5th-growth Bordeaux from Pauillac by Alex Barr of Genlead (thanks Alex !). According to a couple of experts I checked with, the 2004s are not set for long aging and are ready for drinking more or less now, so the other day we opened it up with a simple roast-beef dinner.
Bordeaux is my favourite source of red wines generally, but not having had a "classed growth" wine before, I was intrigued about what to expect - how would it be different from every other, non-classed, Bordeaux I have had ?
The nose showed initially rich blackcurrant followed increasingly by a delicious woodsiness and forest floor, with hints of vanilla and spice; the texture is very smooth texture, almost custard-creamy, and the finish is long and concentrated,with a gentle tannic grip and a slightly herbaceous edge. There is lots of juicy bramble fruit and a slight smokiness, almost like beeswax church candles.
What was, for me, most surprising about this wine is how soft and approachable it is, even at just 6 years old - I had expected something rather chewier and more tannic. Beyond that, it was a very well-made and enjoyable wine, but not stellar.
And with hindsight, plus a bit of research on the Internet, that stands to reason - according to the website 90plus Wines:
- Wine Spectator gave it 88/100 on 31 Mar 2007 and said it shows aromas of currant and sandalwood.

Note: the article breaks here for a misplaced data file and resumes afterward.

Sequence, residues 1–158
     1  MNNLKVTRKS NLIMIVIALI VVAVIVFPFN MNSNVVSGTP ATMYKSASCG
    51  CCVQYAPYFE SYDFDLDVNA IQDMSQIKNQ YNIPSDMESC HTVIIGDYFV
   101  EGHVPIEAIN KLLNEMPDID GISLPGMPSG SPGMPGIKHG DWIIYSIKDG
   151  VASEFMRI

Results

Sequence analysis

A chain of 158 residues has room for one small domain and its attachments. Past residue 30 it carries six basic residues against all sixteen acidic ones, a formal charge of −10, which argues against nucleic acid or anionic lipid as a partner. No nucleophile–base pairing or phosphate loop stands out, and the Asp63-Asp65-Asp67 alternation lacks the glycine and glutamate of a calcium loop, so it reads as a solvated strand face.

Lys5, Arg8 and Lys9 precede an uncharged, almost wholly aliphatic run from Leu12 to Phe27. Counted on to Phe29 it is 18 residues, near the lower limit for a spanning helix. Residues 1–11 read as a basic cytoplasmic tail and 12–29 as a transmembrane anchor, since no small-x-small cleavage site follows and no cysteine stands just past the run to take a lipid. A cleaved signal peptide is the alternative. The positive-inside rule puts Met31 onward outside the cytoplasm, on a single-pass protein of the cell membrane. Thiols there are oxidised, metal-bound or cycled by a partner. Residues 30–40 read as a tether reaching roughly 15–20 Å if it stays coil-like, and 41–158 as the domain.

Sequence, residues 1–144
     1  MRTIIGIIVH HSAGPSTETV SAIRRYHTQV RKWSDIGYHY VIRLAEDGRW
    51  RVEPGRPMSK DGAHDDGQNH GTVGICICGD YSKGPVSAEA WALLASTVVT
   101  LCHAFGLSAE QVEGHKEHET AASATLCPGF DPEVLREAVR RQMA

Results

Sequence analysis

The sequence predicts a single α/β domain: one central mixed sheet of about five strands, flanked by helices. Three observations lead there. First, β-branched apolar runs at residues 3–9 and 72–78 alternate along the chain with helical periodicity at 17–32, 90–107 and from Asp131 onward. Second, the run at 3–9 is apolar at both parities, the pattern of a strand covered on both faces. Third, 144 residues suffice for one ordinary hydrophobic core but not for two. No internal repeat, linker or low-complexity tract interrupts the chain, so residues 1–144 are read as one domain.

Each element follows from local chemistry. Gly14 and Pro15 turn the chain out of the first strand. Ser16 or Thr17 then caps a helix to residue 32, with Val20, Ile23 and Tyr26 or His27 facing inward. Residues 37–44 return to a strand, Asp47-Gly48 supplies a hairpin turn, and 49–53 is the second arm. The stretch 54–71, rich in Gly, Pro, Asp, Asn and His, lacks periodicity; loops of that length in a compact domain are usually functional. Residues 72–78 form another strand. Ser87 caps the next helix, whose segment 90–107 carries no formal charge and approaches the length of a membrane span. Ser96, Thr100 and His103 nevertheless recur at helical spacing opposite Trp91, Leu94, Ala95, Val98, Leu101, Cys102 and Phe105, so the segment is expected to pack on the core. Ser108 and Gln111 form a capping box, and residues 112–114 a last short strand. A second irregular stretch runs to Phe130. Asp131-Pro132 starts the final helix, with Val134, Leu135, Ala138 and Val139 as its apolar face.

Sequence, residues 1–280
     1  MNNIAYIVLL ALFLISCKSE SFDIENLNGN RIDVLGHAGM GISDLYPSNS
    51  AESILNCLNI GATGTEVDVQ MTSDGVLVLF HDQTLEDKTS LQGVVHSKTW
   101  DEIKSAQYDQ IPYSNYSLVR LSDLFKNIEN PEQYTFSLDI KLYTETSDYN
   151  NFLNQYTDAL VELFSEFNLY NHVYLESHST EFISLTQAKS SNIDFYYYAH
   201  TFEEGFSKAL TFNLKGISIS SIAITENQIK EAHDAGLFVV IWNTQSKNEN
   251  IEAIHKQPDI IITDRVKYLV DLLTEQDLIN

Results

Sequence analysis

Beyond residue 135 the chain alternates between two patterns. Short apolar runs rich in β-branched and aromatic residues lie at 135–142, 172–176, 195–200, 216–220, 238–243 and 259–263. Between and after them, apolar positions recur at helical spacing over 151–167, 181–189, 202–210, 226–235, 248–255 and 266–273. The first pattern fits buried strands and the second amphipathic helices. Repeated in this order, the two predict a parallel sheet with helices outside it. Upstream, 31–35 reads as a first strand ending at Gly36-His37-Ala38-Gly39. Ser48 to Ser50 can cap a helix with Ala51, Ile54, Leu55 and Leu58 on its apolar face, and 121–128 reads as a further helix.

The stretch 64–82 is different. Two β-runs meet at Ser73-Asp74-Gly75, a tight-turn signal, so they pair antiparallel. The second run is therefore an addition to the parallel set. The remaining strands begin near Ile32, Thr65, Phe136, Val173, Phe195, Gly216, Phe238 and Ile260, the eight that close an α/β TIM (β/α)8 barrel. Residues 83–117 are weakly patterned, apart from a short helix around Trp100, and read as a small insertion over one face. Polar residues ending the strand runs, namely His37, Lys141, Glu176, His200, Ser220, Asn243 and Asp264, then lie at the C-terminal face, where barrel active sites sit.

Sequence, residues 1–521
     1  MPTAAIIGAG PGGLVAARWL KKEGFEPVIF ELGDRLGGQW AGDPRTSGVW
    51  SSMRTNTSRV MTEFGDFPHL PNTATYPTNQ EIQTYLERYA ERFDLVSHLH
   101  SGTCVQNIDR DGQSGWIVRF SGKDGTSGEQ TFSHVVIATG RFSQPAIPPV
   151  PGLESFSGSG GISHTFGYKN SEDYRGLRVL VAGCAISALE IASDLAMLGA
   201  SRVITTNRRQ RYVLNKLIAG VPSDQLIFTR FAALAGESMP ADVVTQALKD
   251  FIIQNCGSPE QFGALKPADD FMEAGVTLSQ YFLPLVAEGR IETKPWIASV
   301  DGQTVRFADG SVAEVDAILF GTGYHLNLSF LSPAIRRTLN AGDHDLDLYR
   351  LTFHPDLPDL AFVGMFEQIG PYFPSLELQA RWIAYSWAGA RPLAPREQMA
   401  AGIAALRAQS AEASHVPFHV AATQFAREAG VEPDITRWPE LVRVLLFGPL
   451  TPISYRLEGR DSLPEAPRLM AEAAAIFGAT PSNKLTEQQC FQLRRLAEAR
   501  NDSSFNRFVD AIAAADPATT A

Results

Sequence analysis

- Jancis Robinson rates it 17.5/20 on 06 Aug 2008 calling it quite complex and interesting. Real vivacity
These are good, solid scores and reviews, but not earth-shattering.
The Wine Doctor, Chris Kissack, says: Chateau Lynch-Moussas (Pauillac) 2004: Dense fruit here and overtly toasty oak marks the nose of this wine. On the palate there is a good grip and depth, with lots of firm structure and an appealing depth of berry fruit with a nicely composed substance. Good vigour, lots of ripe tannins, good acidity too. It is perhaps a touch on the lean side but it has potential for sure. From a 2004 Bordeaux tasting at four years of age. 16+/20
At first, I had wondered whether I was missing something, whether I should have been more impressed by the wine, whether it should have felt like it was in a completely different league from all else - on reflection, whilst it is a very good and enjoyable wine, it is now clear that there are other equally good wines out there that have no mention in the 1855 Classification and I won't have quite the same wide-eyed reverence for it as I did previously.
Lynch-Moussas - http://www.lynch-moussas.com/
Château Lynch-Moussas profile on Wikipedia - http://en.wikipedia.org/wiki/Ch%C3%A2teau_Lynch-Moussas
Explanation of the 1855 classification on Wikipedia - http://en.wikipedia.org/wiki/Bordeaux_Wine_Official_Classification_of_1855
90plus wines - http://www.90pluswines.com/
Jancis Robinson - http://www.jancisrobinson.com/
Wine Spectator - http://www.winespectator.com/
The Wine Doctor - http://www.thewinedoctor.com/
Genlead - http://www.genlead.co.uk/